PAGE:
I'm late to note it, but Glenn Greenwald's essay on the Glenn Beck phenomenon and the tea party movement is a remarkable read, not least because it shows one of Obama's critics on the left reaching out to his critics on the right. Greenwald doesn't think much of Beck himself, writing that the talk show host "doesn't really appear to have any actual, identifiable political beliefs; he just mutates into whatever is likely to draw the most attention for himself and whatever satisfies his emotional cravings of the moment." And Greenwald is by no means fond of every element of the tea parties, noting that "this anti-Obama sentiment is being exploited by run-of-the-mill GOP operatives who have no objective other than to undermine Democrats and return the Republicans to power." But he's also aware that "there are some identifiable—and plainly valid—underlying causes to these protests that are neither Republican nor Democratic, or even left or right":
Is opposition to the Wall Street bailout (supported by both parties' establishments) left or right? How about the view that Washington is inherently corrupt and beholden to the richest corporate interests and banks which, through lobbyist influence and vast financial contributions, own and control our political system? Is hostility towards Beltway elites liberal or conservative? Is opposition to the Surveillance State and endless expansions of federal police powers a view of liberals (who vehemently opposed such measures during the Bush era but now sometimes support or at least tolerate them) or conservatives (some of whom—the Ron Paul faction—objected just as vigorously, and naturally oppose such things regardless of who is in power as transgressions of the proper limits of government)? Liberals during the Bush era continuously complained about the doubling of the national debt, a central concern of many of these "tea party" protesters. Is the belief that Washington politicians are destroying the economic security of the middle class, while the rich grow richer, a liberal or conservative view? Opposition to endless wars and bankruptcy-inducing imperial policy generally finds as much expression among certain quarters on the Right as it does on the Left.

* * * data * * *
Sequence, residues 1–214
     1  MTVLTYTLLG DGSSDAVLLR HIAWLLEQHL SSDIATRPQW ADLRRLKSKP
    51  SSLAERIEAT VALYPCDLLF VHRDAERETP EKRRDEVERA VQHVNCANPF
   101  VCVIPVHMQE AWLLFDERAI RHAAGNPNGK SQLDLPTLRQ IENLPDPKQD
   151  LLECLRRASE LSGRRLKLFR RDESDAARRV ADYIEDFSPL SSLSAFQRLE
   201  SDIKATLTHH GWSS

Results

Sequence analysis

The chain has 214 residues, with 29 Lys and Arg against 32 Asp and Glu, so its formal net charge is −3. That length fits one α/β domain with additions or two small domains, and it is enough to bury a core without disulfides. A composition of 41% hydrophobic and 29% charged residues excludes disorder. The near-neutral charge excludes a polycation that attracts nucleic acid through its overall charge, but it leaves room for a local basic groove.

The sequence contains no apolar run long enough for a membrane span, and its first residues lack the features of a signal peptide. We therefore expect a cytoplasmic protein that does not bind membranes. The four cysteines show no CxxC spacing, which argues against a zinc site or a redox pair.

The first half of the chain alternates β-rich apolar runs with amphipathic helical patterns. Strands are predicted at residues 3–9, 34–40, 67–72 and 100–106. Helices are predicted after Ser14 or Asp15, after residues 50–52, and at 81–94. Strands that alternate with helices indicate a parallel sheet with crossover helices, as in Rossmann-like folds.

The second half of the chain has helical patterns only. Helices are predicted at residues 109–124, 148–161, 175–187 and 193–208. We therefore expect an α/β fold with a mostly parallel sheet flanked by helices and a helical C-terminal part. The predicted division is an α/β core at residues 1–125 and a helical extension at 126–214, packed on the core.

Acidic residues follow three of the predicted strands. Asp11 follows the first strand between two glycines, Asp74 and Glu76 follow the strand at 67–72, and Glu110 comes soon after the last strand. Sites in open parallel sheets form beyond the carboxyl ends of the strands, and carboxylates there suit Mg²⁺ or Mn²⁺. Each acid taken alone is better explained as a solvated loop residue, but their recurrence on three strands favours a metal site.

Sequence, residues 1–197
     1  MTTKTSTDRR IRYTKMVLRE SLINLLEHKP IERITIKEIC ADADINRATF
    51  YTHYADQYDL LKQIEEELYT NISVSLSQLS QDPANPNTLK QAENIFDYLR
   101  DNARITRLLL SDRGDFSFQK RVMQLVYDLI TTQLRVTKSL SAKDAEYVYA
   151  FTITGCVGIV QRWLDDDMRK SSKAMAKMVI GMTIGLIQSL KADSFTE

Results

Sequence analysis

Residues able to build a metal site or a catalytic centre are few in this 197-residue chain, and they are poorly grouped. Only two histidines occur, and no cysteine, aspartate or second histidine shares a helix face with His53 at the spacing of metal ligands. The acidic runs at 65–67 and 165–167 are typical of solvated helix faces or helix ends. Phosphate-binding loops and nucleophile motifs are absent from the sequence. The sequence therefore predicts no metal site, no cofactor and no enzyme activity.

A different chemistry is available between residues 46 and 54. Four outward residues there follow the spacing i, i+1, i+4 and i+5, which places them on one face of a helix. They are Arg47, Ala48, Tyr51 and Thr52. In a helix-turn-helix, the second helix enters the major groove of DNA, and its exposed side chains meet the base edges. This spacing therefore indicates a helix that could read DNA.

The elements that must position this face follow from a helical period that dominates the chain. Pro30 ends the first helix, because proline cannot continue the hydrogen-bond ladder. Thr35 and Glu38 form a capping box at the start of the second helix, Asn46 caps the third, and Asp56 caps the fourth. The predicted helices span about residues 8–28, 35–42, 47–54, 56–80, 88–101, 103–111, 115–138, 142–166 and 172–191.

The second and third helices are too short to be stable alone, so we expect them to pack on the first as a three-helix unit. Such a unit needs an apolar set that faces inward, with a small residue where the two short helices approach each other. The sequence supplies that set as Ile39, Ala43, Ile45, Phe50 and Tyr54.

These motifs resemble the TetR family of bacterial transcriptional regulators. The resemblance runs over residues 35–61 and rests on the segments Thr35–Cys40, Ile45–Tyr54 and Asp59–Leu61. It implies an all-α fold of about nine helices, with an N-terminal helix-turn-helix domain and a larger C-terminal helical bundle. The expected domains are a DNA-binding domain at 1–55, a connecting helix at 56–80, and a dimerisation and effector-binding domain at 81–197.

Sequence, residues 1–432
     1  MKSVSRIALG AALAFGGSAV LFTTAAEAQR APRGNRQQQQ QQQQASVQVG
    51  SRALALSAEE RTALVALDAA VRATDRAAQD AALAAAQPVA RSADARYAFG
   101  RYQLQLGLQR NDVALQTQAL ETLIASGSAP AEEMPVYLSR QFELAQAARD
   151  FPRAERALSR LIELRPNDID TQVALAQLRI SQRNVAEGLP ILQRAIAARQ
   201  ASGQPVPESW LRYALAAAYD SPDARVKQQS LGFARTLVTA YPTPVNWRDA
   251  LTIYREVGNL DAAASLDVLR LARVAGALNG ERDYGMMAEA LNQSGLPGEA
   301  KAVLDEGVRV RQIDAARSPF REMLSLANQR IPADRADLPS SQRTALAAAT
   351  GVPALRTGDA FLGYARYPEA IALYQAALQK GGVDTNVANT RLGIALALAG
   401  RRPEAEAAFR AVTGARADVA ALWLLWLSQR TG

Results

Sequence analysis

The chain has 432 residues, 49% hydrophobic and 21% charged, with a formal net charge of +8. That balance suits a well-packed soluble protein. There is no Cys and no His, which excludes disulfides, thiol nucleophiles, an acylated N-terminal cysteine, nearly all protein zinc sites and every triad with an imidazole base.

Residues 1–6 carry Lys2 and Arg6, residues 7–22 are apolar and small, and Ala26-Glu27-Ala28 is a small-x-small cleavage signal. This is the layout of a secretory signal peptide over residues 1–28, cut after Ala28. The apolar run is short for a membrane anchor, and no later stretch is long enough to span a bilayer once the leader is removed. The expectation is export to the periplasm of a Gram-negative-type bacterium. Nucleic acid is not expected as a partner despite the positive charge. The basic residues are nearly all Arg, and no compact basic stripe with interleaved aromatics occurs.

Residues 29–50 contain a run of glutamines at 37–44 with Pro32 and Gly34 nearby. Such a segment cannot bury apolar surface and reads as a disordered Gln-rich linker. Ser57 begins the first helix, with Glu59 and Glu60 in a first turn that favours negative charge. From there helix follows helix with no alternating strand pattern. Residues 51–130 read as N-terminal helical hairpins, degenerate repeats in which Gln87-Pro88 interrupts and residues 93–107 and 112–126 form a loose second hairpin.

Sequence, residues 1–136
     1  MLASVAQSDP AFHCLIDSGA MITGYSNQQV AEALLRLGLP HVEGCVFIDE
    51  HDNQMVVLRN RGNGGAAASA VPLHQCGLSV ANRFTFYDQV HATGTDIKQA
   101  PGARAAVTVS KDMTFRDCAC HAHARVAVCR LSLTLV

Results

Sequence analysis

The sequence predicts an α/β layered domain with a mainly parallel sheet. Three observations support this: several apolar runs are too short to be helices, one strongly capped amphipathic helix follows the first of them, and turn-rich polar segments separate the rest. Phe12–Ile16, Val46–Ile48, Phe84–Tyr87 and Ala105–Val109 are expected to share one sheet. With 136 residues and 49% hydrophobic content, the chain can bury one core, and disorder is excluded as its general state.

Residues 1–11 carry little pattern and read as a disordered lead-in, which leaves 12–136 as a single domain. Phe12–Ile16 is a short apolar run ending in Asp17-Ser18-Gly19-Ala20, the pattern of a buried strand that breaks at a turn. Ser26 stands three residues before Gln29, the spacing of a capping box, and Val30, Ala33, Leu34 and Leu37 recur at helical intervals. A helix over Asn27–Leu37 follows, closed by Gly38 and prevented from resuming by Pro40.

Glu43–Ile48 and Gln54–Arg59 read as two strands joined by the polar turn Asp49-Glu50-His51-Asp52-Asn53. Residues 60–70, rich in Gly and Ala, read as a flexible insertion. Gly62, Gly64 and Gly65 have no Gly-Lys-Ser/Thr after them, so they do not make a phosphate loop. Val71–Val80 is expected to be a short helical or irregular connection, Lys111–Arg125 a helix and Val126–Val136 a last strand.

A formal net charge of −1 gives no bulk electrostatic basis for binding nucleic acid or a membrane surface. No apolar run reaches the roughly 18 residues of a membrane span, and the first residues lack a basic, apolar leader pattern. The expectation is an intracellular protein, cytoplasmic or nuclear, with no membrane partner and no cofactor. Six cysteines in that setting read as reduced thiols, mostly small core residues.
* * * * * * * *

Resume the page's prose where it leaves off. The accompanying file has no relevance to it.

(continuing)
Some central political debates do break down along standard left-right lines (health care and tax policy). But there are many political issues that defy the conventional Left-Right political drama in which cable news traffics and which serves as the prism—often the distorting and distracting prism—for virtually all of our political discourse.
On a related note, here's a blogger describing the split that hit the Monterey tea party organization after he asked the local branch of Code Pink to co-sponsor a rally.